Dr. Larry Blum testified that Kathleen Savio's injuries point to her murder. The noted forensic pathologist, who says he has conducted over 9,000 autopsies, told the court Friday that Savio's injuries, psychological history, the position of her body when she was found, along with the scene of her death, led him to rule out an accidental drowning or suicide.
While on the stand, Will County States Attorney James Glaskow asked Blum, "Was Kathleen Savio's death a homicide?"
"That is my opinion. It was homicidal," Blum replied.
Dr. Blum conducted a second autopsy after Savio's body was exhumed.
Kathleen Savio's body was found in a dry bathtub March 1, 2004 in her Bolingbrook home.
Authorities reclassified Savio's death from an accidental slip and fall to a homicide after the October 2007 disappearance of Drew Peterson's fourth wife, Stacy.
Drew Peterson, 56, now faces first-degree murder charges in Savio's death, but he has not been charged in Stacy's disappearance.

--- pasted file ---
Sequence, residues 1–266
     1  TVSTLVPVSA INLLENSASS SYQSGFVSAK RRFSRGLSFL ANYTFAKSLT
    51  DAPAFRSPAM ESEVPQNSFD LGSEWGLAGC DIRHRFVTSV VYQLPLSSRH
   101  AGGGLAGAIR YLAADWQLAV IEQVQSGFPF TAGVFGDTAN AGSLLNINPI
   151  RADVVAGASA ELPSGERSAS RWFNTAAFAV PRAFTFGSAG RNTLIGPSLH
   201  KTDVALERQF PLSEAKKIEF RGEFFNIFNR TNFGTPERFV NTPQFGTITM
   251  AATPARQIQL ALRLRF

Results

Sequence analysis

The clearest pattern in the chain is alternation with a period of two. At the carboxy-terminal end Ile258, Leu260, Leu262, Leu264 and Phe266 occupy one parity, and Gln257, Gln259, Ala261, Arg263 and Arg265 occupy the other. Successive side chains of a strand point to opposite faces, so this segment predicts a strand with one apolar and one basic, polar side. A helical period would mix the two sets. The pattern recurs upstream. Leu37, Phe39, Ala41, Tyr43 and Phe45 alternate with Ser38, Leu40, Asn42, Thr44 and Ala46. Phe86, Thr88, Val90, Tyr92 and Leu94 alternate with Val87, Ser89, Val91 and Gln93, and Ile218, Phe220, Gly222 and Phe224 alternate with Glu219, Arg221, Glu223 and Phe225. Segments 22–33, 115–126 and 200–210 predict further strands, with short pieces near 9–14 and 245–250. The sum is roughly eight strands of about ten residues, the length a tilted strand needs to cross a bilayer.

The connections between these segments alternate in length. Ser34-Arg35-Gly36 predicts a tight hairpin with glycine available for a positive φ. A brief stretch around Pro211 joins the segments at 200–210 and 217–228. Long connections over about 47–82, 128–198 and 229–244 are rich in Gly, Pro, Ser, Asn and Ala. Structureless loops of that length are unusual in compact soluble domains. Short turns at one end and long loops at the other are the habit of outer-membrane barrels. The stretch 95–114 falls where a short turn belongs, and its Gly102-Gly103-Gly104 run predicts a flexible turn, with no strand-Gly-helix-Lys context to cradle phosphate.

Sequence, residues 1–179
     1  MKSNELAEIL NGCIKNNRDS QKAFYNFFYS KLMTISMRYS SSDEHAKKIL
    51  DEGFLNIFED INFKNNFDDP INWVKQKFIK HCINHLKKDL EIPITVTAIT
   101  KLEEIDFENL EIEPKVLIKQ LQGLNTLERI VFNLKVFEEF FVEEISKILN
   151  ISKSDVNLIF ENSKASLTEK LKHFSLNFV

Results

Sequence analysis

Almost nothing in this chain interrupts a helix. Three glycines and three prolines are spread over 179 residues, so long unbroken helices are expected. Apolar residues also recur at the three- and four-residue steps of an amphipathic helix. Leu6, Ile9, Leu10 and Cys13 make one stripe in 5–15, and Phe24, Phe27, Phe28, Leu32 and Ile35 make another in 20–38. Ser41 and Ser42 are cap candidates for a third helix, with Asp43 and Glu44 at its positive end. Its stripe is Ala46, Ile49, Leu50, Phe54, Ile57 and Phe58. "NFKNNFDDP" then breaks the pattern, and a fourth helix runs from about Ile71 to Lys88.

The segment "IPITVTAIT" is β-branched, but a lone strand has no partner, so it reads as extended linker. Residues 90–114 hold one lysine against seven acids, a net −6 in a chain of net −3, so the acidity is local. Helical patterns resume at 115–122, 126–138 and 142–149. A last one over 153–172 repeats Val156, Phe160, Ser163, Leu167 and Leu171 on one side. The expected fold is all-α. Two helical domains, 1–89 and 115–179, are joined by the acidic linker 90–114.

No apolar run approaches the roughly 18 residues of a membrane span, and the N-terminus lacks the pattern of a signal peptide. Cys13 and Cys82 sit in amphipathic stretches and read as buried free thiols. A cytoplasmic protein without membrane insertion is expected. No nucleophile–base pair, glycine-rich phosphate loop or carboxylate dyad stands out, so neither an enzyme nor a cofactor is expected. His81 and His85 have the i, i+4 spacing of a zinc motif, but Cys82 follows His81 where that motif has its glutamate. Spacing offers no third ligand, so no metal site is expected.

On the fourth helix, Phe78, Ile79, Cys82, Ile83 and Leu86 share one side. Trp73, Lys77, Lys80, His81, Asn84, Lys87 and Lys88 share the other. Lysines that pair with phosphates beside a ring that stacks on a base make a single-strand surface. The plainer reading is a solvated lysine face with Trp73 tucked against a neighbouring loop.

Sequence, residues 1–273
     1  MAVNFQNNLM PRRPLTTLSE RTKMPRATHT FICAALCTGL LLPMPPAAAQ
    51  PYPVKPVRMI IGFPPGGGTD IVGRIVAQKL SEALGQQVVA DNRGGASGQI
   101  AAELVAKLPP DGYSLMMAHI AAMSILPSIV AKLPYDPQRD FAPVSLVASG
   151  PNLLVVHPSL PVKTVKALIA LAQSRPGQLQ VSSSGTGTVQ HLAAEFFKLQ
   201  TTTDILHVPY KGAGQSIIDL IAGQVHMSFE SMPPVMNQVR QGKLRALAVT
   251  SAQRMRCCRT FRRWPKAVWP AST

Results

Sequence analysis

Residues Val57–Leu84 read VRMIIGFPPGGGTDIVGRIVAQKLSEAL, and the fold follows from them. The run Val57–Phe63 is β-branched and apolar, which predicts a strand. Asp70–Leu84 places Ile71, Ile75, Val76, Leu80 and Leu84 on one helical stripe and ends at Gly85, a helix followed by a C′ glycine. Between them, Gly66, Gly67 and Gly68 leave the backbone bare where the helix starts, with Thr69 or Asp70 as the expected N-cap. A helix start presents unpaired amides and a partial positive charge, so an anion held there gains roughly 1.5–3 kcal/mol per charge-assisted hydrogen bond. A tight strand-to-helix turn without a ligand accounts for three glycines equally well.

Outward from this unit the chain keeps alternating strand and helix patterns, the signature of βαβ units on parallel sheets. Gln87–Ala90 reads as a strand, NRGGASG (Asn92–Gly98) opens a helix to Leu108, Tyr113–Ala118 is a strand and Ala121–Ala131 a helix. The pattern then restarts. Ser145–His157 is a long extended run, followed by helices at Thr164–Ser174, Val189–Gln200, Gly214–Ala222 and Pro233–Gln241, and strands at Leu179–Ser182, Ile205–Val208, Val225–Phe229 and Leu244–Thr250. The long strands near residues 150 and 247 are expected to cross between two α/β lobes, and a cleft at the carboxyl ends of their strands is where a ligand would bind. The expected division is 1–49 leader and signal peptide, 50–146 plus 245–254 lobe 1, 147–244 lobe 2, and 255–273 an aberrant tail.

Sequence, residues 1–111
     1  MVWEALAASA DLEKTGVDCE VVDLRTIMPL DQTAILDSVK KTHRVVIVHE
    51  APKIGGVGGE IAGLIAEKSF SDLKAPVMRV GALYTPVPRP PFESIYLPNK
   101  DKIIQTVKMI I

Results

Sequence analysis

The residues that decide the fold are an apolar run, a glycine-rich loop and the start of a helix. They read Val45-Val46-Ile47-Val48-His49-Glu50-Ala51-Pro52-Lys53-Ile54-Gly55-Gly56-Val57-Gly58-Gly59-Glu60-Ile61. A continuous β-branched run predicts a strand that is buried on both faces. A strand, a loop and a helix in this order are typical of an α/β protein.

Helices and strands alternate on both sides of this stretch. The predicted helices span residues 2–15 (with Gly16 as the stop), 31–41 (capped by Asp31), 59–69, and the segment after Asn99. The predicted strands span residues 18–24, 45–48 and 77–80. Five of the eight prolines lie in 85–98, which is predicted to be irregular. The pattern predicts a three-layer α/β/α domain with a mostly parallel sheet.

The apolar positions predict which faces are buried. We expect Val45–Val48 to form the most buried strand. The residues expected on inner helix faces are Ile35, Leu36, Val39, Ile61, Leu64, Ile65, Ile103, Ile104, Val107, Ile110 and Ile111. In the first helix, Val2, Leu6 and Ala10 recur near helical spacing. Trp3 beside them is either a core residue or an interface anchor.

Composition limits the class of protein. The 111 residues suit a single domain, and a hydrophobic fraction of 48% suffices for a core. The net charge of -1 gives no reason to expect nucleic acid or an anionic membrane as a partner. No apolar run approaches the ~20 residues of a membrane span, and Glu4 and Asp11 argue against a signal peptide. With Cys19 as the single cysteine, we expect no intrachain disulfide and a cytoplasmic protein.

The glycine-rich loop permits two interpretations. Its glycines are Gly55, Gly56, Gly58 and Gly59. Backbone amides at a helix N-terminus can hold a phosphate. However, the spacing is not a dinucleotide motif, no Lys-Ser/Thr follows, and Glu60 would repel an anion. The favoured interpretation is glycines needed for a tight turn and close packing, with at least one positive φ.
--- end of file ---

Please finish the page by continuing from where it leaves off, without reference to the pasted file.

Blum's testimony comes during the landmark hearsay hearing where a judge will decide if prosecutors can use hearsay statements as evidence at Drew Peterson's murder trial.
The proceedings began Friday morning with the testimony of Mary Parks, a former nursing classmate of Kathleen Savio.
Parks told the court Savio "feared for her life."
Even after their divorce, Peterson and Savio had been engaged in a bitter dispute over money and custody of their two children.
Drew Peterson's defense attorney, Andrew Abood, painted Savio as stressed and bitter. He highlighted inconsistencies in Parks' testimony, getting her at admit, "Kathy was mad because Drew was with a younger woman."